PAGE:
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'You don't really think about dying'
Source: Elise Stolte, The Edmonton Journal
Published: September 12th 2008
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Engineer recounts night his train derailed after hitting 11,000-kg machine on overpass

EDMONTON - David Hackner ducked behind the instrument panel in his CN Rail engine as his 85-car train hurtled toward a huge piece of road equipment parked on the tracks.

"You don't really think about dying, you just think about all that train behind you," he said Thursday of the accident on the Yellowhead overpass last July.

"You think of all that just piling on top of you."

RCMP haven't found the person who stole the 11,000-kilogram dirt-packer, drove it across a farmer's field and parked it on the tracks 150 metres from a highway overpass.

The train hit the packer at 77 km/h. Hackner still finds it incredible that he and the conductor both walked away. He said he can sleep again now and no longer catches himself staring blankly into space. But he'll never be the same.

"I just want to walk off the property in one piece," said Hackner, 52, a 21-year veteran who is now just waiting for retirement.

His conductor that night was Trevor Wilcox, 21, who had been employed with CN Rail for a year and a half. Before that he worked at McDonald's and Blockbuster. Wilcox was used to the slower trains that chugged through his hometown of Terrace, B.C., at 40 km/h; he volunteered for the run between Edmonton and Wainwright because staff was short.

The trip to Wainwright on July 9 was uneventful. They passed a few hours sleeping in the Wainwright bunkhouse, then took over from the crew on Train 107. They left at 9:30 p.m. "It was a nice, fast train," Hackner said, one of the new ones.

Trains often travel 100 km/h along straight rail lines of the Canadian Prairies. Wilcox seemed nervous about the speed, Hackner said, and asked the engineer about collisions he'd had in his career. Hackner told him he hadn't hit anything larger than a few animals, small rocks and a few cars at crossings. No one was ever seriously injured.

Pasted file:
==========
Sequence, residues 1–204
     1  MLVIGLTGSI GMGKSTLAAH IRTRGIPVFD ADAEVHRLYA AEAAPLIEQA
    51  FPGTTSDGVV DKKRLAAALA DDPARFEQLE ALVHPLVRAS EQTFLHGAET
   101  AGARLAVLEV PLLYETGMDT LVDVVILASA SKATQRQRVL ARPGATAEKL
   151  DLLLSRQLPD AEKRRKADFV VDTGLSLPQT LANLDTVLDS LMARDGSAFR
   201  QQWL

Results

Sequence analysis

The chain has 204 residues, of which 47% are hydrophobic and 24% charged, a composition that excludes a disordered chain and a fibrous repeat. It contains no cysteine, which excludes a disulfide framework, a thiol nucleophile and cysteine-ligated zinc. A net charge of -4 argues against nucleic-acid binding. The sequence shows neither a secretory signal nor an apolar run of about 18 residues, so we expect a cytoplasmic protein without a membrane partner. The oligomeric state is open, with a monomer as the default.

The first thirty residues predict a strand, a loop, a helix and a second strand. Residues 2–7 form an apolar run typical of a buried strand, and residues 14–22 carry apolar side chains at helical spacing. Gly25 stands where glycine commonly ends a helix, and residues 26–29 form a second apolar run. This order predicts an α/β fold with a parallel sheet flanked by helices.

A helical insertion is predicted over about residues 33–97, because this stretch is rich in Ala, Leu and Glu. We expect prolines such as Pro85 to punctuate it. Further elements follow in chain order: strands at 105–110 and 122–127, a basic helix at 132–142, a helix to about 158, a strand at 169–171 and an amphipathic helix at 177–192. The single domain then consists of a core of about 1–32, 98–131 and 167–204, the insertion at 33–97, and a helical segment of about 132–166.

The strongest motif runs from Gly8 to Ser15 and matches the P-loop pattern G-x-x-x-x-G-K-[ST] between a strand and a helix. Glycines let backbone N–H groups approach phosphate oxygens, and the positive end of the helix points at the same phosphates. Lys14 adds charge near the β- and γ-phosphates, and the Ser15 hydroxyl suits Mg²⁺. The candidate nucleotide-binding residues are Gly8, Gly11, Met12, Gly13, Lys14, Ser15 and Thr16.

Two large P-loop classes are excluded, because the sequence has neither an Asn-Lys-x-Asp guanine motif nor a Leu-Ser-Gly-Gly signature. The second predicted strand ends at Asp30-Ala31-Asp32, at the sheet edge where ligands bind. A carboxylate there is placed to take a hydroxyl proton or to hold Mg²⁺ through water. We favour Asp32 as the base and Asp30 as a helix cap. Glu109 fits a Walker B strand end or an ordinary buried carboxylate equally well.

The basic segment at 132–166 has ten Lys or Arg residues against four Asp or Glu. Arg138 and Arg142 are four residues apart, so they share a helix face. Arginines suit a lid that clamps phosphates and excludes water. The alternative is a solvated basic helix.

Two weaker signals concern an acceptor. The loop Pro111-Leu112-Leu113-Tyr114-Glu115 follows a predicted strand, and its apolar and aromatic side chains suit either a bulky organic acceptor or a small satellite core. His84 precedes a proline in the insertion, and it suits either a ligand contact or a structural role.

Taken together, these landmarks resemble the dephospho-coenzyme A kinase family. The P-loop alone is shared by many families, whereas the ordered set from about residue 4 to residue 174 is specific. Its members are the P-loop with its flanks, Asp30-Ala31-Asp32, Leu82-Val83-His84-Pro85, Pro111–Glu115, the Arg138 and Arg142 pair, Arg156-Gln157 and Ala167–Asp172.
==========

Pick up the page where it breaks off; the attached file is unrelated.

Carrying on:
Shortly after midnight on July 10, they reached the signal at Bremner, which told them: Clear to medium -- the track is free, but slow to 40 km/h before the next signal.

Hackner steamed ahead, full speed, at about 100 km/h.

"Then I don't know what happened. For some reason I just decided to knock it down 10 miles. I don't know why. I still haven't figured that one out."

Hackner figures if he hadn't, they might both be dead.

The headlights illuminated the machine on the tracks when they were about 30 car-lengths away. Hackner said he thought at first it might have been a cardboard box. "We were looking straight at the bridge," Wilcox said.

Both grabbed their emergency brakes.

"I just sat there," said Wilcox. "I didn't know what to do."

The impact threw him forward against the dash. He fell back in his seat, grabbed both armrests and put his feet on the dash as the train plowed ahead.

"I think the conductor yelled out, 'The overpass,' " said Hackner. "I just said, 'Oh oh.' I really didn't think we were going to hit the bridge straight on."

Wilcox could see gravel flying past the windows as the locomotive left the rails. Somehow, it stayed upright.

It continued straight over the 90-metre highway overpass and made it at least a 100 metres further onto solid ground before coming to a stop. The secondary locomotive fell on its side and a dozen container cars derailed, but none fell onto traffic on the highway below.

Only the bridge caught fire.

Wilcox and Hackner escaped down the broken stairs and out of the locomotive. Hackner got on his cellphone with Edmonton's rail traffic control.

Wilcox grabbed a radio but said he was so flustered, he couldn't remember which channel traffic control was on. He called 911, but hung up after he realized he couldn't give a location.

Then he grabbed an armful of flares and ran across a farmer's field to set them on the highway and the train track.

Then he stopped, took a deep breath on the side of the highway, and called his parents. "I was in shock. I think I'm really, really lucky. If we went over the overpass, we would have been killed."

Wilcox needed physiotherapy for whiplash, had trouble sleeping for weeks and was off work for a month and a half. Since he came back two weeks ago, he's only had shifts driving slower trains.

Hackner wouldn't stay away more than a week. "I didn't want to come bck to work and feel like I was victimized. I just wanted to come back and do my job."

Const. Wally Henry with the Strathcona County RCMP said investigators are still trying to find those responsible but haven't had new tips for awhile.

Crime Stoppers plans to tape a re-enactment this weekend and police hope that will convince people who know something to come forward.

The fact they both survived is "unbelievable," Hackner said. "For the locomotive to do the tight-rope walk across that bridge and stay on the track, that's almost like one in a million."
 

     
 

 
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